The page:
Our recent stint of very mild mornings may have you thinking that below zero mornings are a thing of the past. The average last day with a low temperature below zero is March 11 in Fargo Moorhead. In the past two decades that day has fluctuated from February 16, 2000 to March 26, 1996. Last year the last below zero day of the season was on March 12 which was the day after we recorded one of the latest sub-zero highs on record with a high of -1 degrees on March 11.
The latest below zero day recorded was during the first year of record keeping back in 1881. That year the last below zero reading occurred on April 4 and the earliest we have recorded our last negative temperature of the season was on January 24, 1987.
My hunch is we will observe another below zero morning this season, but I would like to be wrong.
It usually takes a stretch of several days with both the high and the low temperature remaining below freezing before most of the area lakes and ponds will begin to freeze over. But so far this season, that type of weather has been nearly absent and therefore most bodies of water are still ice free.
Previous to this year, the latest date achieved without recording a freezing or sub-freezing high occurred on November 27, 1999 with the long-term average being November 5. To date, the lowest high temperature officially in Fargo Moorhead this season was a 34° reading on November 26, so we have now surpassed the record by making it through the entire month of November without a sub-freezing high temperature. We average 98 days per year with a high temperature at or below 32 degrees and it appears Wednesday will be the first of many such days in our upcoming winter season.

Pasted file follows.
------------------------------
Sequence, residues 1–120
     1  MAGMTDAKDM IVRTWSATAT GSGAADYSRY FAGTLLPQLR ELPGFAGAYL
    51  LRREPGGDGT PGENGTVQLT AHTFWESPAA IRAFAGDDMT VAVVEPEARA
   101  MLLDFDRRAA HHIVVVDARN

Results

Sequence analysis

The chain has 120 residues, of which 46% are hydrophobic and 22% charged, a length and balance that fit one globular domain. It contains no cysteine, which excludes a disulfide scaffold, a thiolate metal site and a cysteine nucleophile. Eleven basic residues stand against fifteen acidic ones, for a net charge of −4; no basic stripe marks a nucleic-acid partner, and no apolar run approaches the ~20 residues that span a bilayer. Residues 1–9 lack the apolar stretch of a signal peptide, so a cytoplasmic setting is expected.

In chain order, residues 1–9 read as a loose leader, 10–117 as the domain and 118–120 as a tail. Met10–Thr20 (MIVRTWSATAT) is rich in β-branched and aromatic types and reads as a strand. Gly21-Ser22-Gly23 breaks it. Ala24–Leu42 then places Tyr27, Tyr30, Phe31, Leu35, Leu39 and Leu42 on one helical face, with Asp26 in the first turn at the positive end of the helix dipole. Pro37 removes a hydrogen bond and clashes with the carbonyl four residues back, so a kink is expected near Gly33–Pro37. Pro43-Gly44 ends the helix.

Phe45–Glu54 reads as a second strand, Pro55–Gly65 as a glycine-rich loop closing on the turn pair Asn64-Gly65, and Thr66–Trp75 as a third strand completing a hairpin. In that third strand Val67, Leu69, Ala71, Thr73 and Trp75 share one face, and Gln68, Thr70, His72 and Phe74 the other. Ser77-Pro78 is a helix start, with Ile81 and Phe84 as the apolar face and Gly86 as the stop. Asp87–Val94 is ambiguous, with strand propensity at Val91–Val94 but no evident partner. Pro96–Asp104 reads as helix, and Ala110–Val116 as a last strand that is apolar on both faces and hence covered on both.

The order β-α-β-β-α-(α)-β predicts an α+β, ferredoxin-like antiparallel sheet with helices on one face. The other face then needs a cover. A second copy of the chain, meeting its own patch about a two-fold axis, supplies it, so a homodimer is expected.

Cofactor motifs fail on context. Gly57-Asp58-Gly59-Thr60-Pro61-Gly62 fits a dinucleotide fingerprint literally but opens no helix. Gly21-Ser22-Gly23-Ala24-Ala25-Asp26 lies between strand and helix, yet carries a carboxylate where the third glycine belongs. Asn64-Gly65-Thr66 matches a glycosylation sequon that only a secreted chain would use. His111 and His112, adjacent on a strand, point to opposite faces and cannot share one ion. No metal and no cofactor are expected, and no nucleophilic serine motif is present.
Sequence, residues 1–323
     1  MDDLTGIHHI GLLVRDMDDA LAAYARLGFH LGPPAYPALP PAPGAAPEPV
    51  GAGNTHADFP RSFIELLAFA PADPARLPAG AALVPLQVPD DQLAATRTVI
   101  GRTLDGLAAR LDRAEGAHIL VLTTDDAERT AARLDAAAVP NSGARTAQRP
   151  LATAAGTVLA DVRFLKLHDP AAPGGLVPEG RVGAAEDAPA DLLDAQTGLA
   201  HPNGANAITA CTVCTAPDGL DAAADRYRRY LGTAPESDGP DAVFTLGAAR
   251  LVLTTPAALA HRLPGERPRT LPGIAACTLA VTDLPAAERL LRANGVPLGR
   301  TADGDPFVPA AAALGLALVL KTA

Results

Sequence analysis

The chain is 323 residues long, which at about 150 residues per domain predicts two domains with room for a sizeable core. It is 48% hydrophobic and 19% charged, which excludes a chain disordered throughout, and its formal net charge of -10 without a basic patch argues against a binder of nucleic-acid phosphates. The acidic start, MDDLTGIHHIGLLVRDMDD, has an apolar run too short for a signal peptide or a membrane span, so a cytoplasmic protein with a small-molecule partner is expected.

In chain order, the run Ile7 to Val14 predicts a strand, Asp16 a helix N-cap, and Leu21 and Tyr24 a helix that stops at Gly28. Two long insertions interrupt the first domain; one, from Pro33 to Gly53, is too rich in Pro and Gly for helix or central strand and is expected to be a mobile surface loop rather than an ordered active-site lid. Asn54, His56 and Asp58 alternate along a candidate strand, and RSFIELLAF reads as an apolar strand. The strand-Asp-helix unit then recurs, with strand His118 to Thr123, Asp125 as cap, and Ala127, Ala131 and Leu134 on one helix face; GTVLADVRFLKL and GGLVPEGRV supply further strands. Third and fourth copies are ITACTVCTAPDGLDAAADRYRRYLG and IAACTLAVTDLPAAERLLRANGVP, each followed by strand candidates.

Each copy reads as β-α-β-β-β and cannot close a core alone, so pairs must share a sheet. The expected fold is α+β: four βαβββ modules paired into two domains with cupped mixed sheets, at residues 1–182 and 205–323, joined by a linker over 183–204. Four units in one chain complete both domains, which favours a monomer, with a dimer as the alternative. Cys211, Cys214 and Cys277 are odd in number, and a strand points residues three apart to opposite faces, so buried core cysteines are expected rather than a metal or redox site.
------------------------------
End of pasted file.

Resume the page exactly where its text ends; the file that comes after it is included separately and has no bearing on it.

The first half of November was the 5th warmest such stretch on record. It was a quick turnaround from the seasonally cold weather in October. In fact, the first half of October was the coldest on record which followed the 2nd warmest September since 1881. Our area has certainly been on the proverbial rollercoaster for the past several weeks.
This shifting of temperature extremes has not only been felt locally, but throughout much of the northern hemisphere. The upper-level wind flow has been in a strong meridional flow pattern for the past several weeks. This is a flow pattern where only small segments of the jetstream are flowing from west to east, but instead the flow has several north/south components. This allows unseasonally cool or warm temperatures to slowly transition around the northern hemisphere.
It appears we will be switching to colder again as we approach Thanksgiving with the possibility of a storm system moving along the transition zone.
Current Northern Hemispheric 500 mb chart:
With an average high of only 46 degrees and an average low of 27 degrees it takes a day well above average to make trick-or-treating an event where a jacket and mittens are not a requirement in our area. Today looks to be another typical chilly Halloween, but not as cold as some.
This decade has recorded three years (2002, 2003, 2006) with high temperatures only in the low 30s, all of those years rank in the top 15 coldest since 1881. In 2006 there were even snow flurries in the air during the evening hours. The last year with measurable snow on Halloween was back in 1995 when one inch of snow fell. But Halloween has also had its share of mild days. Back in 1999 it hit 74 degrees and that was followed by two more nice Halloweens in 2000 (when a thunderstorm moved through during the evening) and 2001 when we hit 60 degrees.
The average high temperature in Fargo Moorhead is now in the upper 60s. The last day with an average high of 70 degrees was on September 16. An average daily maximum of 70 degrees will not occur again until May 16, a stretch of 242 days. If that depresses you a bit, the earliest 70 degree day in a year occurred on March 17, 1968 and our average first 70 degree day of spring occurs on April 18, so we rarely go that long between 70 degree days.
Plus, in most years an occasional high at or above 70 degrees will continue through the middle of October and on rare occasions even into the very early part of November. But sadly for most people, our average high temperature drops approximately one degree every other day and by Halloween the average high is 46 degrees which means our last 70 of the year will soon be a memory.